Information Of Antique Kitchen Stoves
Antique kitchen stoves are the focal point of many of today’s kitchens as more homeowners embrace the nostalgia of earlier times.
A Brief History of Antique Kitchen Stoves
The years between the development of gas and electric stoves in the mid to late 1800s and the earlier times when food was cooked over open fires, cooking stoves were fueled by wood or coal. Today it is possible to restore and convert these magnificent cooking stoves into kitchen stoves that are fueled by gas or electric.
Gas Stoves – Although scientists first began experimenting on the development of the first gas stoves in the 1820s, it wasn’t until the 1880s that gas stoves became popular with the public. Part of the delay was due to the need for the installation of the gas pipe network. The first gas kitchen stoves, also known as propane stoves, were very large and bulky compared to the size of the rest of furniture in the kitchen. Manufacturers successfully reduced the sizes of their stoves, integrated ovens into their bases and in 1910 began to enamel their products for easier cleaning.
Electric Stoves – Development of the first electric stoves began in the 1880s. However, it was in 1893 at the Chicago World’s Fair that the electric stove was introduced to the general public as part of an electrified model kitchen. The popularity of the electric stove grew slowly at first. This was due to the unstable technology of the time and the fact that most cities and towns did not have electricity yet. Over the next two decades, as electrical power spread throughout the country and technology matured, electric stoves grew in popularity and found their place in the kitchens of many homes.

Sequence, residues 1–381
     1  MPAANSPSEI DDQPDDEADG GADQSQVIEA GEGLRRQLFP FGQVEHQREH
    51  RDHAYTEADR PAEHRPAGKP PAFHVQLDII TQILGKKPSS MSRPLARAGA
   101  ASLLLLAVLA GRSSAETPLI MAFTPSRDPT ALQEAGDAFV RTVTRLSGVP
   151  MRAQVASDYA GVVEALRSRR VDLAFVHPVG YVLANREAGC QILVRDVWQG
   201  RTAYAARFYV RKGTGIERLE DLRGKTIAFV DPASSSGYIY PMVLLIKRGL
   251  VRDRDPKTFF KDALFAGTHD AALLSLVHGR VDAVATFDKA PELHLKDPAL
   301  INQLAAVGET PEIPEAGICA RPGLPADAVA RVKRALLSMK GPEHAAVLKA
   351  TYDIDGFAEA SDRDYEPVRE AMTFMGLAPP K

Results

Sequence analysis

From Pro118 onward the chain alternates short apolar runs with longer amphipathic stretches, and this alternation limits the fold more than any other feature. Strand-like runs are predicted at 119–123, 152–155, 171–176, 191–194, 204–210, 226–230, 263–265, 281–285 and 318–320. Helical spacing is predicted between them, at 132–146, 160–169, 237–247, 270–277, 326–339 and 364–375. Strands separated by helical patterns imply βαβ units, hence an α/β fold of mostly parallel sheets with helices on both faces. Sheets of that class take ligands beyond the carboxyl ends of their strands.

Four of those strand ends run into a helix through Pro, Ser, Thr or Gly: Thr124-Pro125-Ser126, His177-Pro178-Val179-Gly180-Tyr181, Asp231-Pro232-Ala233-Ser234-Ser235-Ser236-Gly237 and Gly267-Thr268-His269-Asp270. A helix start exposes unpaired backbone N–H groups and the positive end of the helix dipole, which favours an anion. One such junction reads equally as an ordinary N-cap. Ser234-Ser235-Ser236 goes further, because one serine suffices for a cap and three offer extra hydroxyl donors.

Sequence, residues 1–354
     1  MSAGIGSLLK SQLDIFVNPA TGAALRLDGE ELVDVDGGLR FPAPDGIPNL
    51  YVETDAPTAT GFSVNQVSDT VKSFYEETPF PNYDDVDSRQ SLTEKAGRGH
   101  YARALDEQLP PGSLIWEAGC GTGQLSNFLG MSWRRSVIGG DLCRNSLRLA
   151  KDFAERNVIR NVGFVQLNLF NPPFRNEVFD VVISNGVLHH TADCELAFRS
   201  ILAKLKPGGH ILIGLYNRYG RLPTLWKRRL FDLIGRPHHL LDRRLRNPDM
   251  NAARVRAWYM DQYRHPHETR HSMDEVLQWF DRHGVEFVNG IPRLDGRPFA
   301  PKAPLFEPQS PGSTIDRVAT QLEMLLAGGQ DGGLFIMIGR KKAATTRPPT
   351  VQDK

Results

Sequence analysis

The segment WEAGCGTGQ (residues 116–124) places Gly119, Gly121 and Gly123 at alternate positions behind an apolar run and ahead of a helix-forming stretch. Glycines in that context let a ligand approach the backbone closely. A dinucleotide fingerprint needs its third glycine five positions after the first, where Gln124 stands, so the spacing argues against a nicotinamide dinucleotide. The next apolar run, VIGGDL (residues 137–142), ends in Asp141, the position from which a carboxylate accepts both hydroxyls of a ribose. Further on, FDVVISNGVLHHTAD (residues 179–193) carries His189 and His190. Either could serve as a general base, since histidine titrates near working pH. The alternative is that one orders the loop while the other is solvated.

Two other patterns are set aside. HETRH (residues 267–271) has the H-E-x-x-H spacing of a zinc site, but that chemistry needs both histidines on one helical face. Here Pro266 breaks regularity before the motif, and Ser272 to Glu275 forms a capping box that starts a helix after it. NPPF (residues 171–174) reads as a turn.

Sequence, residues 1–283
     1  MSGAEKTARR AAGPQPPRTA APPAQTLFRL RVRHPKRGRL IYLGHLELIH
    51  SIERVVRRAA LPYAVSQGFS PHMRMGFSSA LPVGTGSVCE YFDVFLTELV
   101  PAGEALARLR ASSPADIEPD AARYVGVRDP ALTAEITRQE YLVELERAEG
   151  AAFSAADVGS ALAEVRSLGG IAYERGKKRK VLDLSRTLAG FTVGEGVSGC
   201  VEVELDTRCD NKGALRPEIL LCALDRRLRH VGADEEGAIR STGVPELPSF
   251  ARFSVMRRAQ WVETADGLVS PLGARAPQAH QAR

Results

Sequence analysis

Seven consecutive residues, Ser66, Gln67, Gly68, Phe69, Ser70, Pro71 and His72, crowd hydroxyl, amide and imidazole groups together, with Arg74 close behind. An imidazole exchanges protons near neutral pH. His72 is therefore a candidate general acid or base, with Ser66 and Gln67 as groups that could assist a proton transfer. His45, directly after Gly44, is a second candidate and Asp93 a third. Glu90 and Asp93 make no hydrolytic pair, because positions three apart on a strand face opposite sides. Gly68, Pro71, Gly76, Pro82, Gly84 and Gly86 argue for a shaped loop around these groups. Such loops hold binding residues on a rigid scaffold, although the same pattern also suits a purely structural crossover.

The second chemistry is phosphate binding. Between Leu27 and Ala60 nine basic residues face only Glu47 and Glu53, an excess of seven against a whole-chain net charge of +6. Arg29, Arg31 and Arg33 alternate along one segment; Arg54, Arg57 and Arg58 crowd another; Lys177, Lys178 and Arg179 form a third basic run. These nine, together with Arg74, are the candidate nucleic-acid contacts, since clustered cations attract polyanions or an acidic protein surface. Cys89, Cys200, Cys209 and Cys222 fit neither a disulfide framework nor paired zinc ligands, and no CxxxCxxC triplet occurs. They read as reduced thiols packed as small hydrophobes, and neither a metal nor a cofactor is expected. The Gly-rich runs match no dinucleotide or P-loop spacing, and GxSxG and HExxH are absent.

The Examples of Antique Kitchen Stoves
Picture One: Chambers C-90
Considered the Cadillac of stoves, this 1949 Chambers C-90 has its original Freedom Red paint, pop-up broiler, childproof handles, and hidden slow cooker. The C model was popular from the late 1940s through the late 1950s.
Picture Two: Elmira Stoveworks
Details can be determined online with copper, nickel, or brass trim, as well as nine color options.
Picture Three: Victorian Style Stove
Victorian-style porcelain-coated iron grates and nickel-plated trim disguise a powerful 48-inch gas range.
Picture Four: Viking Antique Stove
This classic pro-style gas range comes in 24 colors and offers a griddle, convection cooking, and a five-cubic-foot oven.
Picture Five: Handcrafted Antique Stove
Individually cast in England from original molds, this enameled-iron gas range has three radiant-heated ovens.
The value of antique kitchen stoves depends upon the age of the stove, whether or not it is in working condition and the rarity of the model. Stove appraisal is available online or by mail for the owner who wishes to learn more about the history and/or value of the stove in his possession.